Such is the place we now find ourselves in the United States where Oligopolies have been building up in several key industries, including finance/investment, agriculture, energy and health care.  After 30 years of not paying any attention to this natural progression, we find ourselves fighting for a return to competition in several vital industries.

Will the nation succeed in restoring competition?  Not until the public understands that what they really desire is not “free markets,” but competitive ones.

We’re Not Stupid. We Just Act That Way.

Friday, September 4th, 2009

Call it “cognitive dissonance” or whatever you like, but one clear lesson of the health care debate is that people can often state a conclusion and then cite as proof evidence that, in fact, obviously contradicts the conclusion. 

On CSPAN the other day, a caller said he didn’t want the government to have anything to do with health care.  He said, in clear libertarian language, that people must be held responsible for their choices, and if they are uninsured, or underinsured, that was their “choice.”

So where did this libertarian get his insurance?  From the Veteran’s Administration, which is the purest form of socialized medicine.  Asked what he would “choose” had there been no VA to protect his health, he responded “I probably wouldn’t have any insurance.  I can’t afford it.”


You see and hear variations on this contradictory behaviour when seniors yell at Town Meetings that they want “the government” to keep its hands off their insurance, Medicare, which is the socialized, government run health plan for seniors.


Anyway, here’s a NYT opinion piece by Nicholas Kristof entitled “Health Care That Works,” that appeared yesterday, Sept. 3.

“Here’s a paradox.

Health care reform may be defeated this year in part because so many Americans believe the government can’t do anything right and fear that a doctor will come to resemble an I.R.S. agent with a scalpel. Yet the part of America’s health care system that consumers like best is the government-run part.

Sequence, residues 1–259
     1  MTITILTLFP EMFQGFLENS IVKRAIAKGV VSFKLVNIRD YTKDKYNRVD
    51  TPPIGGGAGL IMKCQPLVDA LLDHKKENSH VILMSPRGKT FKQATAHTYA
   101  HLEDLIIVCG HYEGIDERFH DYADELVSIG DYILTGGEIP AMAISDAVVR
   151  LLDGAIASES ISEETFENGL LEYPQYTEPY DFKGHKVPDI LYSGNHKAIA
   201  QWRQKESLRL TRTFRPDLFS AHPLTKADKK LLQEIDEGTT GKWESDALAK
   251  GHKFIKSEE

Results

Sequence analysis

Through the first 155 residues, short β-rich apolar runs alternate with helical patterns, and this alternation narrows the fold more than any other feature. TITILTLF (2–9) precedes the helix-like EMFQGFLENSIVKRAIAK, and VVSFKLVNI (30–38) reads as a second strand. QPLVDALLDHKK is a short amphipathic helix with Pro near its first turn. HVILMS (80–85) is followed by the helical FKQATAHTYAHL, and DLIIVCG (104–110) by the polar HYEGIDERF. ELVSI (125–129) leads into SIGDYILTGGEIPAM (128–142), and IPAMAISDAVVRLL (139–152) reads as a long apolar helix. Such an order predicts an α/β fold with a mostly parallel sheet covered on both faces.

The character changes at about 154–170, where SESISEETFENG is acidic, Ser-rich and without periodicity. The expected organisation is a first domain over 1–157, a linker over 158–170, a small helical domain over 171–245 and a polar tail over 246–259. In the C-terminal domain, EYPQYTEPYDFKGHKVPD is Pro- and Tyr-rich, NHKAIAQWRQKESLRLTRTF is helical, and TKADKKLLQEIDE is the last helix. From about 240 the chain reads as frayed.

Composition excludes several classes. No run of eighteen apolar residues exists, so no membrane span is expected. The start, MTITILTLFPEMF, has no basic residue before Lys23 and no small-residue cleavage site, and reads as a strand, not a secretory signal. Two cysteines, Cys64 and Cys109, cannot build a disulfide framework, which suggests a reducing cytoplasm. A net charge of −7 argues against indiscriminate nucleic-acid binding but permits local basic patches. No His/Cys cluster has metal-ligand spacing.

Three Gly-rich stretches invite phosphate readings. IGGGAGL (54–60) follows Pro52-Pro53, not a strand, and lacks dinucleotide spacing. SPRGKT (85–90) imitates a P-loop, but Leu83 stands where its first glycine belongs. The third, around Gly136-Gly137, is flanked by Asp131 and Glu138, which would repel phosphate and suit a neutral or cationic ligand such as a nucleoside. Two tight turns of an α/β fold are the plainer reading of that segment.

Fifty-six to 60 percent of people in government-run Medicare rate it a 9 or 10 on a 10-point scale. In contrast, only 40 percent of those enrolled in private insurance rank their plans that high.

Multiple surveys back that up. For example, 68 percent of those in Medicare feel that their own interests are the priority, compared with only 48 percent of those enrolled in private insurance.

In truth, despite the deeply ingrained American conviction that government is bumbling when it is not evil, government intervention has been a step up in some areas from the private sector.

Until the mid-19th century, firefighting was left mostly to a mishmash of volunteer crews and private fire insurance companies. In New York City, according to accounts in The New York Times in the 1850s and 1860s, firefighting often descended into chaos, with drunkenness and looting.

So almost every country moved to what today’s health insurance lobbyists might label “socialized firefighting.” In effect, we have a single-payer system of public fire departments.

We have the same for policing. If the security guard business were as powerful as the health insurance industry, then it would be denouncing “government takeovers” and “socialized police work.”

Throughout the industrialized world, there are a handful of these areas where governments fill needs better than free markets: fire protection, police work, education, postal service, libraries, health care. The United States goes along with this international trend in every area but one: health care.